One telltale sign of a drugstore beetle problem is the "shot holes" they make when the adults chew themselves out of whatever they pupated in. Drugstore beetles can easily chew through most packaging materials, including aluminum foil.

One of the reasons why drugstore beetles can digest and thrive on so many different kinds of foods is because they harbor symbiotic yeasts that actually do much of the digesting for them. Adult beetles coat the eggs they lay with the yeast, and the larvae consume them during the hatching process. From that point on, beetle and yeast will spend the rest of their lives together, each depending on the other for survival.

Drugstore beetles are closely related to the cigarette beetle, which has similar habits, but whose wing covers lack the ridges that are prominent on the drugstore beetle.

Confused Flour Beetles and Red Flour Beetles

Close up of the top of a confused flour beetle

Adult confused flour beetles and red flour beetles are about 1/8 inch (about 3 mm) or less in length. The larvae are creamy yellow.

It's almost impossible to tell the larvae of these two species apart, but there are some differences in the adults. The most obvious difference is that adult red flour beetles can fly, but confused flour beetles cannot. In addition, the three most distal segments of the antennae of the red flour beetle are clubbed, but those of the confused flour beetle are not.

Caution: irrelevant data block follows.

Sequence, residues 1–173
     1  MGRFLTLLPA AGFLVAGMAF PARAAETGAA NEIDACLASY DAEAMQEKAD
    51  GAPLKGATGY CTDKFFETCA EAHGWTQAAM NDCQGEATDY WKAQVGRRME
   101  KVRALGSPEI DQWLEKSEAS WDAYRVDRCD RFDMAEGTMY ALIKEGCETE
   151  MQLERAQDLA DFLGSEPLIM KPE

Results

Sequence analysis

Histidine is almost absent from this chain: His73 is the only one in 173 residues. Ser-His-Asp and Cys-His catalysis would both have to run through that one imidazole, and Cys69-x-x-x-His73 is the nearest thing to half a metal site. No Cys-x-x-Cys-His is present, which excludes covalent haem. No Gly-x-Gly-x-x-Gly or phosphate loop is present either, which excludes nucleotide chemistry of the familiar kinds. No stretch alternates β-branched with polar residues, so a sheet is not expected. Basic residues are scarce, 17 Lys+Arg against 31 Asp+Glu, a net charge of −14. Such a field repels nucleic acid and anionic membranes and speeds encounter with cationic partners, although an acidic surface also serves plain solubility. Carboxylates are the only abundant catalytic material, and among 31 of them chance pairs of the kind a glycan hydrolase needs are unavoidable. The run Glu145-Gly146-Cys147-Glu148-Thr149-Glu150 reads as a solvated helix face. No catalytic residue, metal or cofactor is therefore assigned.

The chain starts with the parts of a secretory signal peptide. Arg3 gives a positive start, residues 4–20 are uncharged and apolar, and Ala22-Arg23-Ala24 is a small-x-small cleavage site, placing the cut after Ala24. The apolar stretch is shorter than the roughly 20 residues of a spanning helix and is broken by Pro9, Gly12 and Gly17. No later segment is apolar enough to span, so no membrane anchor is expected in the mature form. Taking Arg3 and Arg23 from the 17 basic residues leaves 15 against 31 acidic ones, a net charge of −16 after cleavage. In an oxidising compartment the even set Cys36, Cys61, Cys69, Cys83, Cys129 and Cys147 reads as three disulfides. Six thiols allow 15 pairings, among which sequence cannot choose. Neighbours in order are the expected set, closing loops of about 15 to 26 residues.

As their common names imply, confused flour beetles and red flour beetles feed on milled grains. They can't penetrate intact whole grain kernels. They commonly infest milled grains, cookies, cereals, crackers, and pasta. Both the adults and the larvae feed.

Both of these beetle species will also feed on dust that forms from milling operations or simply from transporting grain products.

As is the case for most stored product pests, confused flour beetles and red flour beetles contaminate far more food than they consume. They scatter dead bodies, shed skins, and fecal matter throughout the food. They also excrete quinones that are foul smelling and taste even worse into the food, making it unusable.

Dermestid Beetles

Close up of the top of a larder beetle

There are many species of Dermestid beetles, some of the more common of which are larder beetles, carpet beetles and cabinet beetles. The one pictured here is an adult larder beetle. A picture of the larva can be found here.

Dermestid beetles are almost exclusively meat feeders and infest animal-based food products such as pet foods, bouillon soup, and beef jerky.

They can also feed upon furs, down or feathers, wool carpeting, cashmere sweaters, animal carcasses, fingernail clippings, shed skin, and human hair. (They're fairly common pests in barber shops, in fact.)

One sign that you have a possible larder beetle problem is holes. The larva bore holes into pretty much anything that contains meat. They'll also bore into materials including wood and some metals to create a safe, protected place to pupate into adults.

This propensity and ability to bore holes make larder beetles one of the more difficult insects to seal out of food. There are very few materials that larder beetles can't bore through. Stainless steel bins and glass jars with tight-fitting lids are probably your best bets to seal larder beetles out of your food.


Related Page: Pantry Pest Control